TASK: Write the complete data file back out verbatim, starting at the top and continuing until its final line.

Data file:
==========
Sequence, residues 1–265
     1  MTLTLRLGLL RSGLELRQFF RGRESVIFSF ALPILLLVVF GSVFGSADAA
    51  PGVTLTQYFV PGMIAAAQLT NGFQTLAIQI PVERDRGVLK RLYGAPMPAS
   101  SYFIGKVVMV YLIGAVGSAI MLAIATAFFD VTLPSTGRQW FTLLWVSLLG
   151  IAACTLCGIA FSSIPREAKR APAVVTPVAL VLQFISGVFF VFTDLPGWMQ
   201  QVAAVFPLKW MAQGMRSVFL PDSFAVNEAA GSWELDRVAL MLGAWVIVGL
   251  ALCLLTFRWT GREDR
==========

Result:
Sequence, residues 1–265
     1  MTLTLRLGLL RSGLELRQFF RGRESVIFSF ALPILLLVVF GSVFGSADAA
    51  PGVTLTQYFV PGMIAAAQLT NGFQTLAIQI PVERDRGVLK RLYGAPMPAS
   101  SYFIGKVVMV YLIGAVGSAI MLAIATAFFD VTLPSTGRQW FTLLWVSLLG
   151  IAACTLCGIA FSSIPREAKR APAVVTPVAL VLQFISGVFF VFTDLPGWMQ
   201  QVAAVFPLKW MAQGMRSVFL PDSFAVNEAA GSWELDRVAL MLGAWVIVGL
   251  ALCLLTFRWT GREDR